The situation in Qatar is no secret, yet what has the international community has had absolutely nothing to say about it. Human rights watch and a couple of trade unions have issued tokenistic statements condemning Qatar, yet FIFA, organisers of the world cup, and those who awarded Qatar the tournament in 2022, have said very little about goings on in Qatar, effectively turning a blind eye. When asked about human rights abuses, they said that the - "World Cup in the Middle East offers a great opportunity for the region to discover football's power as a platform for positive social change. FIFA upholds the respect for human rights and the application of international norms of behaviour as a principle and part of all our activities."
Sepp Blatter and the brown envelope brigade in FIFA towers have a different view of what ‘positive social change’ entails, than I do. However slavery is defined in the 21st century the situation in Qatar must match that definition, yet FIFA and the wider sporting community don’t appear to care.”
In response the likelihood of widespread protest and disruption at the Brazilian world cup, stinking rich FIFA bureaucrat, Jerome Valcke, has demanded that ordinary Brazilians get behind the event, claiming that:
“It is the wrong time to be protesting. It is right to protest, but for me it is the wrong time. Because it is a time where Brazil should enjoy a unique time, a time they have not enjoyed since 1950. We are not asking them to support FIFA; we are asking them to support the world cup.”
Valcke is typical of FIFA hacks and Brazilian politicians who are absolutely clueless to the poverty that the Brazilian working class faces daily. They are being asked to support a world cup that they cannot afford to pay, that will price them out of being able to pay for tickets, that is taking financial priority over health and education, and that is resulting in the deaths of over stretched construction workers.
Football legend and one of the most loved men in Brazil (and millionaire), Pele, has disgracefully said that:
“It is now time for people to be quiet because this is a great moment for our country; it is good publicity and good for tourism”
It is a great moment for the political classes, the rich, and building contractors, but for the Brazilian working class the benefits are much more mixed.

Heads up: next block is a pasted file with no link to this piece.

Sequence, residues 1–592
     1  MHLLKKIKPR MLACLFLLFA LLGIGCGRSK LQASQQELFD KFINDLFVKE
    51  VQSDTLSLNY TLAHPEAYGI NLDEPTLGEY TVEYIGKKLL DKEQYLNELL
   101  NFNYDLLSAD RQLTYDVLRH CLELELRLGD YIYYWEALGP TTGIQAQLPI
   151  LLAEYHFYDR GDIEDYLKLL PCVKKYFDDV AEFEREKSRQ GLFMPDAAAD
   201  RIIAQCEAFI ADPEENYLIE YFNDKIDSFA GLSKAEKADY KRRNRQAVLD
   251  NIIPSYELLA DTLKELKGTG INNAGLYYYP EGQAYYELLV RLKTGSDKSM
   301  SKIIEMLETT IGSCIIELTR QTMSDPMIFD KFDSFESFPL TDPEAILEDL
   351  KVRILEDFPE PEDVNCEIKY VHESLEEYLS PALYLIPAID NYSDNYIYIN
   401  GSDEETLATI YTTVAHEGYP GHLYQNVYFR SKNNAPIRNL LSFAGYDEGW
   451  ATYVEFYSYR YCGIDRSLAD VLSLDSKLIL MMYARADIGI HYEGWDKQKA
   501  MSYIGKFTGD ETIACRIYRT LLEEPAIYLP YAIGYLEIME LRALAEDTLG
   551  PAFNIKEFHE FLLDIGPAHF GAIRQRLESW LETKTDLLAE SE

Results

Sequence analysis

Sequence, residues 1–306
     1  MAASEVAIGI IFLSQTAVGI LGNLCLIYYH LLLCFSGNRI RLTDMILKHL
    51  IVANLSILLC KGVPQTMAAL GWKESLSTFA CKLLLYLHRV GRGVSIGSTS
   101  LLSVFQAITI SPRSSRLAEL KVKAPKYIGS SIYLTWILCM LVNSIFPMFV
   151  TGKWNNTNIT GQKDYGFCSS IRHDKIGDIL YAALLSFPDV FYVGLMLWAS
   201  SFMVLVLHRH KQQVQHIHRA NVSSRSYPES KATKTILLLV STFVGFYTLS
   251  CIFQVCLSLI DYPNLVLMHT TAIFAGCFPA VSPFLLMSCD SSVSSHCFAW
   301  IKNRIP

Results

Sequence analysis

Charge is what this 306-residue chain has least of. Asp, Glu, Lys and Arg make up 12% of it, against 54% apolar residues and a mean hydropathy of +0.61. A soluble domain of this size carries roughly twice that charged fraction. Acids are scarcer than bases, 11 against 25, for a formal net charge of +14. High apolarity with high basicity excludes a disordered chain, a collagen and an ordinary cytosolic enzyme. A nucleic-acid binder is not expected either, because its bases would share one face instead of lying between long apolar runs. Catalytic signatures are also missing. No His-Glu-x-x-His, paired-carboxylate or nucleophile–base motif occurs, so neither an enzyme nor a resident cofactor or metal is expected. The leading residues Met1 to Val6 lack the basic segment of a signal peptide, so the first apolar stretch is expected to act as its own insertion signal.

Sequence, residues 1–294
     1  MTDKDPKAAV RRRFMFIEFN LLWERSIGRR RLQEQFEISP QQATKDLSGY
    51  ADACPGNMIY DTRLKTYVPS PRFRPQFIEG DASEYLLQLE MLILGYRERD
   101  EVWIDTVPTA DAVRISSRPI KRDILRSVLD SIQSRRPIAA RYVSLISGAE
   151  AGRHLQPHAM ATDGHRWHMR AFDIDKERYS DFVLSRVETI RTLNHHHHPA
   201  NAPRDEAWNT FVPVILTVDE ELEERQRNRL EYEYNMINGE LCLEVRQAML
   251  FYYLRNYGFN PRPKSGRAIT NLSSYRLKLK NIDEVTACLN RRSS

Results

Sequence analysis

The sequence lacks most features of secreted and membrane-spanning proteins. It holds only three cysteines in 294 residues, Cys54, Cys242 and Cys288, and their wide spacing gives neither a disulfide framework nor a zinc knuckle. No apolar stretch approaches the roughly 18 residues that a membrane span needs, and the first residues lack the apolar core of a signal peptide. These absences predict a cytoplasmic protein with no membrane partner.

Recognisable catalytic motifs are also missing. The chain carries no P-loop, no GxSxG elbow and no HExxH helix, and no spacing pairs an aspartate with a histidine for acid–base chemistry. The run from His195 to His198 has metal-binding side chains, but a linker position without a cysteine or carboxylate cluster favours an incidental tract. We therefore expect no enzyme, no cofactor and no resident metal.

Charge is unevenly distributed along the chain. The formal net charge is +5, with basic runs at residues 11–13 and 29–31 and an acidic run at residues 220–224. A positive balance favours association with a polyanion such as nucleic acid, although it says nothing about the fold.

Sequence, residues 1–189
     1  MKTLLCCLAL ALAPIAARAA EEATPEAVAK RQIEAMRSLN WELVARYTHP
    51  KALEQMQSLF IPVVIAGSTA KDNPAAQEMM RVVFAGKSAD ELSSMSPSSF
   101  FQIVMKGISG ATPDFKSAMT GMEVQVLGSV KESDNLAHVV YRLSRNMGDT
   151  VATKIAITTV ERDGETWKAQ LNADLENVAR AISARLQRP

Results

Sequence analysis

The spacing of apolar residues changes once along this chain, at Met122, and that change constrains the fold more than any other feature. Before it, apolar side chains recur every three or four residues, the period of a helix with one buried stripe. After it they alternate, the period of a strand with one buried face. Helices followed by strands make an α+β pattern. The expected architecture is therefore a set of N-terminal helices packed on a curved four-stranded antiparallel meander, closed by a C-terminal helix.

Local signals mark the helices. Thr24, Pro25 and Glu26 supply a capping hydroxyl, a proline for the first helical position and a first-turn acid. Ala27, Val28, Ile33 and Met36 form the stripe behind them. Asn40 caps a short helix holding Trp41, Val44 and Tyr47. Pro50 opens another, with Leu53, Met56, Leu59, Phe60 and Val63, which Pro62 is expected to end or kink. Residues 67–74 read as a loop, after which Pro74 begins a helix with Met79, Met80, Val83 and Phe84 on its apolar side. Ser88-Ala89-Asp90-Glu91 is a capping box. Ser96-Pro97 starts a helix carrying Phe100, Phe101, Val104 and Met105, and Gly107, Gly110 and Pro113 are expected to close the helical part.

FIFA and other world cup organisers are being investigated in Brazil over claims of racism at the official world cup draw in early December. Despite being involved in the world cup publicity machine since the launch of ‘Brazil 2014’ over three years ago, several African-Brazilian individuals were dropped for the draw event – which had a world-wide audience - and replaced entirely by white individuals – who had previously had little or nothing to do with the event.
The state prosecutor for Sao Paulo has apparently received evidence to suggest that the changes were a deliberate decision. He has stated that:
“I am investigating several complaints of racism against FIFA and the TV station hosting the draw event. Racism is a serious matter in Brazil. We need to find out if a crime was committed. We do not want the image of our people to be whitened or distorted.”
FIFA has denied any allegations of wrong-doing, claiming that:
“Our stance against any form of discrimination and racism which is enshrined in our various regulations amongst others is well known.”
It is a shame that an opposition to ‘slavery’ is not enshrined in FIFA’s regulations, if it was then perhaps the situation in Qatar and their world cup preparations may be different.
Brazilians are already furious and have accused FIFA of ‘cultural terrorism’ following their decision that the only organisations able to sell food in and around the world cup stadiums will be those that have won ‘official’ bids, i.e., McDonalds and Coca Cola. This means that traditional African-Brazilian foods, such as, ‘Acaraje’ will not be sold, and its vendors will face arrest if they attempt to do so. Acaraje has been sold outside Brazilian football matches for as long as football itself has existed, and is a major source of income in poor areas around stadiums.
Whilst McDonalds are using their ‘official provider’ status to block sales of any other foods, Coca Cola are cynically jumping on the ‘Acaraje’ bandwagon and have put up billboard posters advertising Coca Cola in conjunction with Acaraje. It is safe to assume they haven’t signed a contract with street traders, so football fans can expect to be able to buy ‘Coca Cola Acaraje’ at the matches. Coca Cola deny it is a cynical marketing ploy. Instead they claim that they are ‘preserving Brazilian culture’.
Event organisers have announced that there will be a 2k exclusion zone around matches, and that anyone who sells food within that zone will be arrested.
This move is just the latest example of how FIFA and the world cup organisers are attempting to snuff out the culture and heritage of the host nation in order to ensure the world cup has a sanitised and corporate identity, devoid of any regional influence, and to ensure that any opportunities or money generated by the event are firmly channelled into the pockets of politicians, FIFA, and the various corporate gangsters who have become parasites in the bellies of major sporting events.